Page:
Zero budget natural farming (ZBNF) (GS-1,3)

 Zero budget natural farming (ZBNF) (GS-1,3)

Zero budget natural farming (ZBNF)- Today Current Affairs

Zero Budget Natural Farming (ZBNF) is a set of farming methods which supports chemical-free agriculture practice drawing from traditional Indian practices . It was also a grassroots peasant movement, which spread to various states in India especially in the southern India state of Karnataka where it first evolved.  This practice was originally propagated by an agriculturist and recipient of Padma Shri Subhash Palekar,  along with the state’s farmers association called Karnataka Rajya Raitha Sangha (KRRS), put together these zero budget farming practices as an alternative to many unsustainable agricultural practice under Green Revolution that were driven by chemical fertilizers,  pesticides and intensive irrigation.

The liberalization and the green revolution of Indian agriculture led to a deep crisis in Indian agriculture that made small scale farming an impractical profession as seeds became costly, inputs, and markets were inaccessible and expensive for small and poor peasants. Indian farmers increasingly find themselves trapped in a vicious cycle of debt, because of the high production costs, high interest rates for credit, the volatile market prices of crops, the rising costs of fossil fuel based inputs, and private seeds. Debt especially taken from non institutional sources, is a problem for farmers of all sizes in India. Under such circumstances ZBFN promises to end poor peasants’ reliance on loans and drastically cut production costs, ending the debt cycle for them.

The word ‘budget’ refers to earning and expenses, thus the phrase ‘Zero Budget’ means without using any money, and without spending also on the purchase of inputs. ‘Natural farming’ means farming in sync with Nature and without chemicals. 

There are four pillars of ZBNF: The Hindu Analysis

  1. Jivamrita/jeevamrutha

  2. Bijamrita/beejamrutha

  3. Acchadana – mulching

  4. Whapasa – moisture

  1. Jeevamrutha:

Jeevamrutha is the first and important pillar of zero budget farming. It is a blend of aged cow urine and fresh cow dung from India’s indigenous jaggery, water, pulse flour, soil, and cow breed. This mixture is one type of natural fertilizer that not only provides nutrients, but also acts as a catalytic agent that promotes the activity of microorganisms, especially earthworm in the soil,  which is applied to farmland.

  1. Bijamrita:

It is the second pillar used for the treatment of seeds, seedlings or any planting material. It is a blend of tobacco, green chilies, and neem leaf pulp etc so that it became effective in protecting young roots from fungus as well as from soil-borne and seed-borne diseases. It provides a kind of natural protection to seeds.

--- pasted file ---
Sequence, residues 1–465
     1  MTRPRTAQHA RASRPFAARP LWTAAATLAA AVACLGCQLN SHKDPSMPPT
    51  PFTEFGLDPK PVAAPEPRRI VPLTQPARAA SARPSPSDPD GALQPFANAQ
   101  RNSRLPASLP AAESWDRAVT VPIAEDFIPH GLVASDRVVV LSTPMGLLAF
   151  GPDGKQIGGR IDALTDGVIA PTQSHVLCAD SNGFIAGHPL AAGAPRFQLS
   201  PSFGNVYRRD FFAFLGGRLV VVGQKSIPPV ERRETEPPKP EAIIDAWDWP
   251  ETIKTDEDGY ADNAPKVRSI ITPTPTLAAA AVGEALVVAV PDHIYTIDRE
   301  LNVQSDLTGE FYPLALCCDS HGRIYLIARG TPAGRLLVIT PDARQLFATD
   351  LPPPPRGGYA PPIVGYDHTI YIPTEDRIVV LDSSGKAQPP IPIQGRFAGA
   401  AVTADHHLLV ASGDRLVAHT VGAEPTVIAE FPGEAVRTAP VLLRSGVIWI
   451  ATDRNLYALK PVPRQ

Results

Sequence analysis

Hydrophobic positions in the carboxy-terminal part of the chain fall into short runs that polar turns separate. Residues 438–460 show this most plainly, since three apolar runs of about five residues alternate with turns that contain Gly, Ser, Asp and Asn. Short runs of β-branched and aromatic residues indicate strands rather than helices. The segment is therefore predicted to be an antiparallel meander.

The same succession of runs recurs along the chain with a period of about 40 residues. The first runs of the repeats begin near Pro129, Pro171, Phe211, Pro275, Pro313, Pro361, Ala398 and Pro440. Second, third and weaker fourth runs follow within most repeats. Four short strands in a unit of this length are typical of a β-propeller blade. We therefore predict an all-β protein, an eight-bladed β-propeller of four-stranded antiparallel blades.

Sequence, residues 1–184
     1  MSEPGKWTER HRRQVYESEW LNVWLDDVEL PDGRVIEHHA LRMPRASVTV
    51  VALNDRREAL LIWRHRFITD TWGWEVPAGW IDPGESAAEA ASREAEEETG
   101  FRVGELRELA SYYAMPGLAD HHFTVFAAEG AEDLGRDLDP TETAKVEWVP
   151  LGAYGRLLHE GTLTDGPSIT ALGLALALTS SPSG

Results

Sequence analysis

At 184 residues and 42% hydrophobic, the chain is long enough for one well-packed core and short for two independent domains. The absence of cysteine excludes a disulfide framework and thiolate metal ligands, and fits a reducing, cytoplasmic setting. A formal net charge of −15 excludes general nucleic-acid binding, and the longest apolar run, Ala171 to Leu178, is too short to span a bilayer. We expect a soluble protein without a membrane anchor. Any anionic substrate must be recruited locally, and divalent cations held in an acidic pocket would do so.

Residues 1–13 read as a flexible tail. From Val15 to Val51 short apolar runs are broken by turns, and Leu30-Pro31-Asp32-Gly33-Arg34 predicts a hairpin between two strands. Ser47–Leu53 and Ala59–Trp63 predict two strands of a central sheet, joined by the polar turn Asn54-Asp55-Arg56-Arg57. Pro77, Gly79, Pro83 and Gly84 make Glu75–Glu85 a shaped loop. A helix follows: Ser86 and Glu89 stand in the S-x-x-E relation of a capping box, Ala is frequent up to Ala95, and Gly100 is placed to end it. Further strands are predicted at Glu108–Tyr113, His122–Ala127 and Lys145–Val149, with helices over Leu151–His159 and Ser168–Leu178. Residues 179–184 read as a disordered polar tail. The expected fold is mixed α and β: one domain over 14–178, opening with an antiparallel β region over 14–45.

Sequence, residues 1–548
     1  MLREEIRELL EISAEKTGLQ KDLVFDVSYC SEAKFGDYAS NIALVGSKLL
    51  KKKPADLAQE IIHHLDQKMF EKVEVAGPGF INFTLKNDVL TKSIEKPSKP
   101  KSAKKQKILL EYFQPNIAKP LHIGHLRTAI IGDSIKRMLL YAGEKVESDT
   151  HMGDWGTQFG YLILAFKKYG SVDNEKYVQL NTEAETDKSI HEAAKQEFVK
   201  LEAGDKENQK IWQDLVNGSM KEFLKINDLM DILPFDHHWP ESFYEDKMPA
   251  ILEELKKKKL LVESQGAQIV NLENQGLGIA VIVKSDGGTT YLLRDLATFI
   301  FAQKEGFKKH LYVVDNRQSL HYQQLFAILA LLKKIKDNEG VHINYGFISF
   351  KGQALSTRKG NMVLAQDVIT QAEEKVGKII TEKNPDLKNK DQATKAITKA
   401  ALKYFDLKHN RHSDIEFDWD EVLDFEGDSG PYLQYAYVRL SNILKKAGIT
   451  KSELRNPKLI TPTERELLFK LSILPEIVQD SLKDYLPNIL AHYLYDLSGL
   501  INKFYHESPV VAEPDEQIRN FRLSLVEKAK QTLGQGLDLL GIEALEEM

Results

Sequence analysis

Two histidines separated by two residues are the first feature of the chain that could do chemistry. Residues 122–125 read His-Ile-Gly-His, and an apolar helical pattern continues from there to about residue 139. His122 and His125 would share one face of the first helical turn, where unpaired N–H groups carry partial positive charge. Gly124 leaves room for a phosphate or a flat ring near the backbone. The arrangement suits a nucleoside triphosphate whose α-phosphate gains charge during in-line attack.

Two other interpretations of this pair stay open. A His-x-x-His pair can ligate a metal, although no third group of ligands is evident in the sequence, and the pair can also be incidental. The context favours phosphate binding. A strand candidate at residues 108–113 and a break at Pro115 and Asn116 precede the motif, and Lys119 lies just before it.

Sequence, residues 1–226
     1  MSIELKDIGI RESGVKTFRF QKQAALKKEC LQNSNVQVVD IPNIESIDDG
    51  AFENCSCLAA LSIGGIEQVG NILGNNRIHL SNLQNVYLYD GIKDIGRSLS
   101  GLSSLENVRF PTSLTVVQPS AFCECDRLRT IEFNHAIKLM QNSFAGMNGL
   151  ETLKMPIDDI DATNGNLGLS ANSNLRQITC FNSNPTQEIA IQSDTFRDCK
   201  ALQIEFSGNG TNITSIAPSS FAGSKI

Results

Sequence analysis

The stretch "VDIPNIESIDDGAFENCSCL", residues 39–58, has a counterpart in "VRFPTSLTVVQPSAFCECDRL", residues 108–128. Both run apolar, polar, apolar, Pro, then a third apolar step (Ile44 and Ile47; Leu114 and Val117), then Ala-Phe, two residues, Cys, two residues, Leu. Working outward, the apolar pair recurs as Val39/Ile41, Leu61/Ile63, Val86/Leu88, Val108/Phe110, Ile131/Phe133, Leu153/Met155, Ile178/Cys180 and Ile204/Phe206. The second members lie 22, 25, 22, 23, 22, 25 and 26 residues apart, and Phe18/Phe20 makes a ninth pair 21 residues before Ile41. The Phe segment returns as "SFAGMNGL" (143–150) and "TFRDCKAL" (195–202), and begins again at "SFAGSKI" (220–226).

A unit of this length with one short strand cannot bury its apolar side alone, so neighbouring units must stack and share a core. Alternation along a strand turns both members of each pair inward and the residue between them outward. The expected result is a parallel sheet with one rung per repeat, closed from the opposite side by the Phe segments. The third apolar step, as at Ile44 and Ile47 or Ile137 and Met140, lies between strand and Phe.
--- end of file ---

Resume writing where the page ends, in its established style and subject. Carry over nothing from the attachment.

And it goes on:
1. Acchadana (Mulching):

Acchadana (Mulching) is the third pillar of this farming practice. It helps to maintain soil moisture content by any of the 3 mulching practices- Soil Mulch, Straw Mulch, Live Mulch. This pillar helps to protect the topsoil of the farmland and does not ruin it by tilling.

  1. Whapasa (Moisture):

It is a condition where both water and air molecules are present in the soil. It helps to reduce the extra irrigation requirement.

Advantages of Zero Budget Natural Farming: Today Current Affairs

  • reduces the initial cost of farmers for inputs

  • Farmer’s income will increase automatically

  • The soil ecosystem will improve

  • Cow dung which is full of nutrients and available locally, will add soil value

  • Cow dung’s bacteria will decompose the organic matter in soil and will make soil  suitable for the plants

  • Low consumption of electricity and water

  • Improves the productivity of the soil

  • It will decrease the risk of diseases attacking the crop.

  •  Farming production quality improves as we use no chemical fertilizers 

There are many government initiatives for supporting practices like organic farming, zero budget based natural farming etc. 

The Government of India is promoting these initiatives in the country through schemes like Paramparagat Krishi Vikas Yojana (PKVY) and Rashtriya Krishi Vikas Yojana (RKVY) etc.

In the revised guidelines of the PKVY scheme during the year 2018, various organic farming models like Natural Farming, Rishi Farming, Vedic Farming, Cow Farming, Homa Farming, Zero Budget Natural Farming (ZBNF) etc. have been included.


Here we mention all information about Zero budget natural farming (ZBNF) Today Current Affairs. The Hindu Analysis.

Download plutus ias daily current affairs 16 December 2021

No Comments

Post A Comment